The introduction of Morse code text entry for iOS and Android has lowered the barrier for trying Morse code as an access method for people who use switches. In earlier posts, I’ve described how to set up Morse code on the iPad and reviewed the typing speeds that have been reported for experienced Morse users. But what’s a good way to learn Morse code in the first place? And how long does it take? The Morse Typing Trainer is a new resource to make this fairly easy and fun.

Continue reading “Learn Morse code with the Morse Typing Trainer”

Compass: now available at Westminster Technologies

KPR’s Compass software for access assessment is now available at Westminster Technologies, a complete provider of assistive technology solutions.

Compass software is now available at Westminster Technologies
Continue reading “Compass: now available at Westminster Technologies”

Morse code typing for the iPad

Morse code can be a very effective way to type using only two switches. And now you can use it on an iPad, creating some new possibilities for people who are switch users. This post shows you how to set up and use Morse code on the iPad.

A photo of an iPad, showing the Morse code keyboard on the display. Two switches are connected to the iPad using the Tapio switch interface.
Morse code dates back to the early 1830’s, and has been used in assistive technology since at least the 1970’s to support typing using one or two switches. As switch access methods go, it has the potential to be quite fast– one study measured a Morse code typing speed of 12.4 words/minute for a person with a C2 spinal cord injury, using a sip/puff switch for the dots and dashes. Fast forward to 2019, and Morse code is having a bit of a moment. One question that comes up frequently is whether you can use Morse code to type with switches on an iPad — Yes, you can! Read on to learn how.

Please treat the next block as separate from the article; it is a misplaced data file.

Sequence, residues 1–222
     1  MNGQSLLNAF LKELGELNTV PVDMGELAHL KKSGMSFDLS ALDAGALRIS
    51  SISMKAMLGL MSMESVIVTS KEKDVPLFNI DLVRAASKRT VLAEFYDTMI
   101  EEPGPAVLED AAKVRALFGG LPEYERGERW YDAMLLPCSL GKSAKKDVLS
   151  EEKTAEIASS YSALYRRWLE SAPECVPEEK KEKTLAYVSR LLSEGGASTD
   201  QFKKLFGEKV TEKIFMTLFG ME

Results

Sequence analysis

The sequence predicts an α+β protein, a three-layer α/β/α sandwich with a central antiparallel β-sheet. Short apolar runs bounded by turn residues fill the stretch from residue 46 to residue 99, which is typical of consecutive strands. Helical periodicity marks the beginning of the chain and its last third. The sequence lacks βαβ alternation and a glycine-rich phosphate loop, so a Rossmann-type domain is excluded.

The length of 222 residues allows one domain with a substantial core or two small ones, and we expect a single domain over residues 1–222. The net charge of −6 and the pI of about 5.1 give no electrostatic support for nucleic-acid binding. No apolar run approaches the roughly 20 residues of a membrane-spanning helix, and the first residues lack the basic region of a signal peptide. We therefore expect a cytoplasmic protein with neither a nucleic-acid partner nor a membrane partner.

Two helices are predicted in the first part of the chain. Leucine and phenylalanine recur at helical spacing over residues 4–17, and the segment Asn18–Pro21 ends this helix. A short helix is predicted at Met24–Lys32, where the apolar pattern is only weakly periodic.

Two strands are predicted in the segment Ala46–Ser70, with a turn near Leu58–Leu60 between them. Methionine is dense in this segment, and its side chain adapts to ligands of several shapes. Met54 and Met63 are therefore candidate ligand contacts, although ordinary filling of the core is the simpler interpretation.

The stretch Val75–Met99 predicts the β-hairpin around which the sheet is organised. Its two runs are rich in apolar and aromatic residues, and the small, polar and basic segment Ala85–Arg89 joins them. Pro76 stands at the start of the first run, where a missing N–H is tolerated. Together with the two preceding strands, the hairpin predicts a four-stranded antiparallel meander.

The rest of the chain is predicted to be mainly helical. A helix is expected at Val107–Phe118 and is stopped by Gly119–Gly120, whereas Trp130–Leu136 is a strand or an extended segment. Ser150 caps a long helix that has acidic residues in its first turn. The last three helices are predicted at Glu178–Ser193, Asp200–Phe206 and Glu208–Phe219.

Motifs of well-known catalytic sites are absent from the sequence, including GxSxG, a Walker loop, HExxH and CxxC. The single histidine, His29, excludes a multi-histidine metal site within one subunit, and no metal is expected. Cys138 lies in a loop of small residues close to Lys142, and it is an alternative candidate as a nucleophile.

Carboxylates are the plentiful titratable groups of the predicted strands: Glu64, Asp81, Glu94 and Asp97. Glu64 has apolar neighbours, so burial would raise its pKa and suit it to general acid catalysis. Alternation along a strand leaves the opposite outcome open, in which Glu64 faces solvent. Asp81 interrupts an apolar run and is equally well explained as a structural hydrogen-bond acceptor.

Continue reading “Morse code typing for the iPad”

Scanning Wizard: using auditory scanning

Auditory scanning can be useful to support users who have difficulty seeing or reading. Learn about the auditory scanning feature that we’ve recently added to Scanning Wizard.

The Scan Test practice screen, with an alphabetic layout
We’ve added our first version of auditory scanning to Scanning Wizard, in order to better support users who have difficulty seeing or reading. The Scan Test now includes an Auditory Scan setting, that includes two distinct modes.

Continue reading “Scanning Wizard: using auditory scanning”

Scanning Wizard in the Classroom

A hands-on experience teaching switch access to occupational therapy students

Grand Rapids, MI — This summer, a Western Michigan University class of occupational therapy graduate students experienced assistive technology first-hand. WMU instructor Cara Masselink included Scanning Wizard in her Therapeutic Use of Technology curriculum to demonstrate an innovative service—- and to foster empathy in her students.

Occupational therapy student using Scanning Wizard, showing a grid of letter items on computer screen
Continue reading “Scanning Wizard in the Classroom”